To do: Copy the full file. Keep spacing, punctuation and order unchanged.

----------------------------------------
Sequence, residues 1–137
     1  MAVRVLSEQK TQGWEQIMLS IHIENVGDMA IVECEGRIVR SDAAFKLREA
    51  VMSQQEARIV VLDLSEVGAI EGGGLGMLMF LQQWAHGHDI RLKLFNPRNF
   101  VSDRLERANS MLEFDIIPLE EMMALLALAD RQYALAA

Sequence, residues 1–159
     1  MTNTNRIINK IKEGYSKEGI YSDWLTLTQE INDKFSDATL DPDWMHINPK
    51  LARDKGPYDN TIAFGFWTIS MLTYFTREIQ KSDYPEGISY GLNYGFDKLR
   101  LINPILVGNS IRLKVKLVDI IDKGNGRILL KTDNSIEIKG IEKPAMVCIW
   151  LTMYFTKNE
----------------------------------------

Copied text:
Sequence, residues 1–137
     1  MAVRVLSEQK TQGWEQIMLS IHIENVGDMA IVECEGRIVR SDAAFKLREA
    51  VMSQQEARIV VLDLSEVGAI EGGGLGMLMF LQQWAHGHDI RLKLFNPRNF
   101  VSDRLERANS MLEFDIIPLE EMMALLALAD RQYALAA

Sequence, residues 1–159
     1  MTNTNRIINK IKEGYSKEGI YSDWLTLTQE INDKFSDATL DPDWMHINPK
    51  LARDKGPYDN TIAFGFWTIS MLTYFTREIQ KSDYPEGISY GLNYGFDKLR
   101  LINPILVGNS IRLKVKLVDI IDKGNGRILL KTDNSIEIKG IEKPAMVCIW
   151  LTMYFTKNE